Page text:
Yoga and surfing are both physically active channels that facilitate the connection between mind-body-earth, and both activities have been said to assist in the quest to find balance with the natural world that surrounds us.
Revista Perfil, a Costa Rican magazine that focuses on the modern woman, interviewed Bodhi Surf School founders, Travis Bays and Pilar Salazar, to get some insight into the connection between yoga and surfing. The following is a translation of the original Spanish-language article.
Perfil Magazine Interview with Bodhi Surf Founders
Travis Bays and Pilar Salazar share their thoughts with Michelle Soto from Perfil Magazine.
*written by Michelle Soto and translated by Travis Bays
Apart from the life they lead together, in January they launched a project that combines these two passions. “We made a decision: continue on the path of love. Pilar with yoga, me with surfing and the two of us with nature, ” explains Bays.
The couple has a conviction that goes beyond the norm and these physical activities, yoga and surfing, and their underlying philosophy, allows them to connect with their surroundings and establish communion with the environment, which leads to humility and respect for the planet.
“As human beings, we are an expression of life, and we can connect with nature. Instead of seeing nature as being different, see it as being the essence of who we are as humans,” said Salazar.
It’s no wonder then, why their classes are played out in Marino Ballena National Park in Osa.
Yoga for Surfing
In her classes, Salazar combines different practices like Ashtanga, Vinyasa Flow and Yogaworks teachings. The idea is to create movement sequences that not only facilitate cleansing the body of toxins but also to increase energy, balance, strength and flexibility. She also integrates breathing exercises and relaxation techniques.
In this sense, one of the contributions made by yoga to surfing is given by its philosophy. “One of the things yoga has taught me is, to be present. To not think of the past or future. One cannot be in the clouds while surfing, “says Bays. “It teaches the mind to be in the moment in a more deliberate manner,” adds Salazar.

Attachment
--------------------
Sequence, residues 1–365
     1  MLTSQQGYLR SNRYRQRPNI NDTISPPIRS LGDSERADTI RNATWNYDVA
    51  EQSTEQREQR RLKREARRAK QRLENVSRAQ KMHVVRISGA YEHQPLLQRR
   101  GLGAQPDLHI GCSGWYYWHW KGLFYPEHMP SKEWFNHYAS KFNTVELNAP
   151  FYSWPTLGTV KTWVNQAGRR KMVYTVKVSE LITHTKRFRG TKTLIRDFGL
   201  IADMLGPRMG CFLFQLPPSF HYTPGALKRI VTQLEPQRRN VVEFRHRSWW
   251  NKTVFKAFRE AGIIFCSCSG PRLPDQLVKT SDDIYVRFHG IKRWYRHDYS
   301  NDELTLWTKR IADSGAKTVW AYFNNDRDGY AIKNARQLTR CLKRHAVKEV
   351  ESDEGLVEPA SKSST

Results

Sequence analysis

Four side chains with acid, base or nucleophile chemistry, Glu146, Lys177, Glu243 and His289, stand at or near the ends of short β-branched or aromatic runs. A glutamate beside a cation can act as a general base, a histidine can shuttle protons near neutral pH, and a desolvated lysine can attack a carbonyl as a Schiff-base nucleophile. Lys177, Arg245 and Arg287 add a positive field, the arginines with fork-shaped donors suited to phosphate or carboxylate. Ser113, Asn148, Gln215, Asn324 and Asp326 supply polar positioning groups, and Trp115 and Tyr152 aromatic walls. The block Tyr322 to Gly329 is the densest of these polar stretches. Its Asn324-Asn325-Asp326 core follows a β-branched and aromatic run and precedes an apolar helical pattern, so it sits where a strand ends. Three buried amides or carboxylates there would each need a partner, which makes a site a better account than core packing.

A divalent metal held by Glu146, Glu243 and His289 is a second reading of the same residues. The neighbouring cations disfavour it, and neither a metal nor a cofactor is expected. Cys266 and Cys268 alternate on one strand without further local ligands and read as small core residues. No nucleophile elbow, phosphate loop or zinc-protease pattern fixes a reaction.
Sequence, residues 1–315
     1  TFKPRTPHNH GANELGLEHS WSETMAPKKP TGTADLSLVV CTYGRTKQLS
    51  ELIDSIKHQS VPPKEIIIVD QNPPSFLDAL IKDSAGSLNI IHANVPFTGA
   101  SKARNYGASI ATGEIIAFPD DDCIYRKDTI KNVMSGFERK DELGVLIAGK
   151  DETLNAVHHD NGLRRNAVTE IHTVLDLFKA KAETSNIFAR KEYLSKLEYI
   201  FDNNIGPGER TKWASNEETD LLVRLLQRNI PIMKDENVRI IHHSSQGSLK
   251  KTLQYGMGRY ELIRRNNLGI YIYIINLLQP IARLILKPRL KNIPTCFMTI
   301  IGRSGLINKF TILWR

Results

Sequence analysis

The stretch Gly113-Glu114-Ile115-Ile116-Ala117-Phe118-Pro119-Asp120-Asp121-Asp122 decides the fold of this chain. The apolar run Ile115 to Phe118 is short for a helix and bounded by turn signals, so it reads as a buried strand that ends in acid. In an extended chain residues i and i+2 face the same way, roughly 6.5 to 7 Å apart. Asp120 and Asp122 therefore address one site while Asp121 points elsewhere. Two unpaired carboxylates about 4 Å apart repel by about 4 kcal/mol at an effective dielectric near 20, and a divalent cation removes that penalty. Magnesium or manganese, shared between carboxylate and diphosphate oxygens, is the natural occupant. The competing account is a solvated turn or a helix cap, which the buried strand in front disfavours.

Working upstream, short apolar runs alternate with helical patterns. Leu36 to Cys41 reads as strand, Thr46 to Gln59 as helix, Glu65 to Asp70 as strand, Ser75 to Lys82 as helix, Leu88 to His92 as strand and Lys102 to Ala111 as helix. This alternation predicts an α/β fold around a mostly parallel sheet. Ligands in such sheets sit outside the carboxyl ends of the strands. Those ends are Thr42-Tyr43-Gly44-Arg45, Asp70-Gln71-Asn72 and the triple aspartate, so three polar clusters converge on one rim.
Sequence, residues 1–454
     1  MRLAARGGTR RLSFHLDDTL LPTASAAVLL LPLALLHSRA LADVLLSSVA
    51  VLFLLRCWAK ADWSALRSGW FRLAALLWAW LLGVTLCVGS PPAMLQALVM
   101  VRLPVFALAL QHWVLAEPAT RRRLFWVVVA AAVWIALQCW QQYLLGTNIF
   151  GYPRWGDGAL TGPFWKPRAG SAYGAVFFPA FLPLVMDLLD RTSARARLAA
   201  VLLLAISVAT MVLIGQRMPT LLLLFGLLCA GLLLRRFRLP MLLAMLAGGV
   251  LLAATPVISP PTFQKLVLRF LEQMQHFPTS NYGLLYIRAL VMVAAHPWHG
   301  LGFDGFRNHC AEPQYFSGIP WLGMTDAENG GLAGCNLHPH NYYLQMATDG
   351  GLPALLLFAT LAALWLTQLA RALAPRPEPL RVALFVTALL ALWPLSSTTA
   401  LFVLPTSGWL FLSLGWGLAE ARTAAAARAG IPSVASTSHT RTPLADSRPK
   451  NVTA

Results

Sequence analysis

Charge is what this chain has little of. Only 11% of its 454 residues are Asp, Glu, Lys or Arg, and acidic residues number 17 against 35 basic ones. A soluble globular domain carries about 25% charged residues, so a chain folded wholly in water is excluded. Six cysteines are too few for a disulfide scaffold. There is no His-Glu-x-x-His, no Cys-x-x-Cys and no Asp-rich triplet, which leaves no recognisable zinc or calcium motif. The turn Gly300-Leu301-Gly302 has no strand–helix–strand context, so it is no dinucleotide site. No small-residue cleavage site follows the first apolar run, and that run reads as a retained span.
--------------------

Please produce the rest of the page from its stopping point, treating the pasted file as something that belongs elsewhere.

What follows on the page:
Another point is breathing. In yoga, you are taught to breathe properly and control your inhalations and exhalations. According to Bays, when you surf you need to know how to control yourself because you are in the hands of the sea.
Overall, practicing yoga positions will help you to stay on the board, improve posture, balance and have more flexibility when making turns in the waves. Also, before entering the water, yoga gives the muscles a good stretch.
Surfing for Yoga
Bays’ classes begin in the sand. There, he explains surfing basics, as well as safety procedures, rules and surf etiquette. Then he takes the student into the water where he teaches how to stand on the board, paddle, and catch a wave. But there’s more. While surfing one is in contact with the energy that comes from the waves and therefore it is necessary to learn to read the sea, to understand its currents and be aware of its greatness. That is probably the most important lesson that surfing gives to yoga. In the water you are connected with the fullness of the environment.
Additionally, surfing is a cardiovascular exercise that requires built muscle resistance. It works legs, and upper trunk, back, shoulders and arms. It is nothing like lifting weights, for the reason that it shapes the muscle from within; a sort of inner strength if you will. For that reason alone, surfing complements well with yoga. Furthermore, surfing postures and movements that are applied while surfing are very useful for learning alignment postures in yoga.
Pilar Salazar and Travis Bays cater to both individuals and groups through direct contact or local hotels around the beach in Uvita, Osa. Their idea is to offer a personalized service.
Another fact worth highlighting: a percentage of their earnings from the project are intended to reinforce Siempre Unidos para Reforzar nuestro Futuro (SURF) a youth program designed by Bays, that helps kids in the communities near the Marino Ballena National Park.